Growth and feed utilisation of juvenile greenlip abalone (Haliotis laevigata) in response to water temperatures and increasing dietary protein levels

Matthew Bansemer, James Harris, Jianguang Qin, Louise Adams, Duong Duong, David Stone

    Research output: Contribution to journalArticlepeer-review

    17 Citations (Scopus)


    In this 91-day study, the interaction between four dietary crude protein (CP) levels (27, 30, 33 and 36% CP) and three water temperatures (14, 17 and 20°C) on the growth and feed utilisation of 6-month old greenlip abalone (Haliotis laevigata) (0.91g) were investigated. Diets were formulated to be isoenergetic (12.5MJkg-1 digestible energy), containing a lipid level of ~3.6% and digestible protein from 17.99 to 28.57%. Abalone were fed to excess at 16:00h daily, and uneaten feed was collected the following day. The specific growth rate (SGR) of abalone improved significantly as water temperatures increased from 14 to 17 to 20°C. In addition, apparent protein deposition was significantly higher in abalone at 17 and 20°C compared to abalone at 14°C. There was no significant effect of dietary protein level on SGR, but faster growing abalone at 20°C compensated by consuming more feed when fed low dietary protein levels. In contrast, a significant positive relationship was observed between dietary protein level and feed consumption rate in slower growing abalone at 14 and 17°C. A non-significant tendency for the apparent feed conversion ratio (FCR) to improve was observed in abalone fed high protein diets at 20°C, while at 14°C, abalone had a significantly poorer FCR, especially when fed high dietary protein levels. Based on results from the current study, it is plausible to heat land-based nursery systems in order to gain accelerated growth of juveniles before transfer to grow-out systems. Additionally, no benefits were apparent by feeding abalone high protein diets at 14 or 17°C, and we therefore recommend a dietary protein level of 29% CP at 14 and 17°C. While the SGR of abalone at 20°C was not significantly influenced by dietary protein, the feed consumption rate decreased and there was a tendency for FCR to improve as dietary protein level increased. Therefore, it may be beneficial for abalone to be switched to a diet containing ~35% CP at water temperatures >20°C.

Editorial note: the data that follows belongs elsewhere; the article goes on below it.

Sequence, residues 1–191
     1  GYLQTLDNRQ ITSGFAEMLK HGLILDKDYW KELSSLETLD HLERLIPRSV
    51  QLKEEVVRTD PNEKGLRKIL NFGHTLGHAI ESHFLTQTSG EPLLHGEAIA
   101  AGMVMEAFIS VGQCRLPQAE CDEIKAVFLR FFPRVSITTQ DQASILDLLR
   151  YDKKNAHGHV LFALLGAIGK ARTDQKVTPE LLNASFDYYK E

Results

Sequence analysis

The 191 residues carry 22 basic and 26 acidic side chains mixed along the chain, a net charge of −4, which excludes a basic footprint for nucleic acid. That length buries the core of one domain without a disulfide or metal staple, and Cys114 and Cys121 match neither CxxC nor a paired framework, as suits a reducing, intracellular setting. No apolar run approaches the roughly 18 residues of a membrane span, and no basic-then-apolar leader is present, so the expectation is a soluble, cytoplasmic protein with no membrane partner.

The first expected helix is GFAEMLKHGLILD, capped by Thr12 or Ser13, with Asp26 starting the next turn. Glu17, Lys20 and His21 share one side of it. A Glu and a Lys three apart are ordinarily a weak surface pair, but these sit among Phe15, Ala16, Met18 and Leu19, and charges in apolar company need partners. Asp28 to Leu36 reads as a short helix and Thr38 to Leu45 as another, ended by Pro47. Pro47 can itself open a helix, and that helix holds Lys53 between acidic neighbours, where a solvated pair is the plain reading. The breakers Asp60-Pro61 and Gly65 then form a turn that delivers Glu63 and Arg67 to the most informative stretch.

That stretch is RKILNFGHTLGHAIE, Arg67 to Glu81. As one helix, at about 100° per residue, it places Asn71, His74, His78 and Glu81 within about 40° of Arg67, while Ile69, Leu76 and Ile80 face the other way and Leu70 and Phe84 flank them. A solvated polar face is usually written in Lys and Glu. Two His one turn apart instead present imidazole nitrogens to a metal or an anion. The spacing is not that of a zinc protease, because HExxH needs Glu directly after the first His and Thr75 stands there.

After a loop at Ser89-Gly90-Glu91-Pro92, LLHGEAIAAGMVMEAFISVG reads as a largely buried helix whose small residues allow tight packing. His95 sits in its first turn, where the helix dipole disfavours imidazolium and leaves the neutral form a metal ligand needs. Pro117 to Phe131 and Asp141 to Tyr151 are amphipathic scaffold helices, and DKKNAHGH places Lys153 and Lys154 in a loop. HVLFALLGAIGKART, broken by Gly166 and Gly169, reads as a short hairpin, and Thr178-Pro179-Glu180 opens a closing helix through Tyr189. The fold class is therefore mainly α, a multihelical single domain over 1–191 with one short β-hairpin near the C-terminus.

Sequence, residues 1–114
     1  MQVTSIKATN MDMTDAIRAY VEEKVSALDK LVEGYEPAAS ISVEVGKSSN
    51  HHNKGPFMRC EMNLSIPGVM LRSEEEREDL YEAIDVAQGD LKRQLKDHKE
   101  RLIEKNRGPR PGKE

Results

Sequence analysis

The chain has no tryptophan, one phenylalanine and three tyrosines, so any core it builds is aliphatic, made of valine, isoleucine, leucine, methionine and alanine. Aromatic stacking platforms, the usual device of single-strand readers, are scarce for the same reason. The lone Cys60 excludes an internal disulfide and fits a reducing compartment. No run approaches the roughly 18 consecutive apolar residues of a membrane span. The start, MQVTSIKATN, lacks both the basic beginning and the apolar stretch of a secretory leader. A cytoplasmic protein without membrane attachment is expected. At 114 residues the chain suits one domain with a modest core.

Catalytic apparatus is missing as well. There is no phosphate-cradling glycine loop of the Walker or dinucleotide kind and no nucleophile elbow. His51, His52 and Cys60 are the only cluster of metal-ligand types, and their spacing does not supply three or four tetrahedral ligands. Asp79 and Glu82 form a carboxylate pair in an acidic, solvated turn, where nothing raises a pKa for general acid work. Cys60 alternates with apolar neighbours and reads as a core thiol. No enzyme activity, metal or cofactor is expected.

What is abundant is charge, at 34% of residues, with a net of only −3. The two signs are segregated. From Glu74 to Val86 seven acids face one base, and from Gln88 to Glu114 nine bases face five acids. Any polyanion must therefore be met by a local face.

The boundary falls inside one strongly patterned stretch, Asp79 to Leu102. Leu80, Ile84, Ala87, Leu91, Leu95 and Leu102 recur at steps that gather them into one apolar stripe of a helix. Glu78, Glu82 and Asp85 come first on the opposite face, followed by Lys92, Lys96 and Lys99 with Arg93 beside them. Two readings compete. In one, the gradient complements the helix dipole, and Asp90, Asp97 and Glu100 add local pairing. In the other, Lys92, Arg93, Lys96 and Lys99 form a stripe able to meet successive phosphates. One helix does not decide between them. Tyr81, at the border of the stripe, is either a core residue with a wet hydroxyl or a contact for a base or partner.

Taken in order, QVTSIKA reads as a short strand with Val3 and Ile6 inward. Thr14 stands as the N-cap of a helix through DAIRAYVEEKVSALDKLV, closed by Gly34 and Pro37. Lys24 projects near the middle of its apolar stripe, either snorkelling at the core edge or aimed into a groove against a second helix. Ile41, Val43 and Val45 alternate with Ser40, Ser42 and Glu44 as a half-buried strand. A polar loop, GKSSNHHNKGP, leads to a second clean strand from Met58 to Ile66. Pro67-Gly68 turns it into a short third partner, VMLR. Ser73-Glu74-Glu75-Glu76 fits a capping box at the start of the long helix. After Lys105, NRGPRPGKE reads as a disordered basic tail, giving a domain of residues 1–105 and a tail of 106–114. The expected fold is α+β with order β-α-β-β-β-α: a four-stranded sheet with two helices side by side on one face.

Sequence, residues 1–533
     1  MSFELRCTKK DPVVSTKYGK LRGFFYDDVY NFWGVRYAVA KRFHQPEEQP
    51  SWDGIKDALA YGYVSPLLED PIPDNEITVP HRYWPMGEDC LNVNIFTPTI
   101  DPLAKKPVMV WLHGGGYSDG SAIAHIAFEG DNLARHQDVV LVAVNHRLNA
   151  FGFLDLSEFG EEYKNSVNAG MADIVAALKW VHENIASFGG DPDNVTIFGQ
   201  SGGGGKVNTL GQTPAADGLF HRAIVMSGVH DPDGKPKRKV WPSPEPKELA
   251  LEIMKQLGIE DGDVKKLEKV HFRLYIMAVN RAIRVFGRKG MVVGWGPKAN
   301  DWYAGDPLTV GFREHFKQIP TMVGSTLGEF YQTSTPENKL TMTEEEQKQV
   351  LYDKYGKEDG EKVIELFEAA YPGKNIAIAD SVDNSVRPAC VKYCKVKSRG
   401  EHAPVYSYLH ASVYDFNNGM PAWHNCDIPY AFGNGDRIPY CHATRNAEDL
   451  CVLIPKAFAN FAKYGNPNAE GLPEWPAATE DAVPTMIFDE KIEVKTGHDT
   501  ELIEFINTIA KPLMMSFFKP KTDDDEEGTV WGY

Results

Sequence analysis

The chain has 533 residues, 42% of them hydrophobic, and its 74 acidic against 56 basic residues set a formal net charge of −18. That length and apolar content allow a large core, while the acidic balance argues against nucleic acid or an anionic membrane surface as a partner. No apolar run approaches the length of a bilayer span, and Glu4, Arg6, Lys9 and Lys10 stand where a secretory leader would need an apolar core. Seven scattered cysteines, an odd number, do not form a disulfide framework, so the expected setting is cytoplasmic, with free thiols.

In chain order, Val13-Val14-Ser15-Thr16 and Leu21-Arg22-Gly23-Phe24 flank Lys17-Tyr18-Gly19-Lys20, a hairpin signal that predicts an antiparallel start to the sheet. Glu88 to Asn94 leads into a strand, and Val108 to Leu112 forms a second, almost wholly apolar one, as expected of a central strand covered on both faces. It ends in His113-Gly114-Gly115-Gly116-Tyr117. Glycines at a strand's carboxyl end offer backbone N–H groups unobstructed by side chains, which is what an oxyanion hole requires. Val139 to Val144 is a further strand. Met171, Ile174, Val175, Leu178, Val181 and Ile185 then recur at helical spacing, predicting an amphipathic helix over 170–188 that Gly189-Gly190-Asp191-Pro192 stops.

Original languageEnglish
    Pages (from-to)13-20
    Number of pages8
    Publication statusPublished - 2015


    • Greenlip abalone
    • Haliotis laevigata
    • Nutrition
    • Protein
    • Temperature


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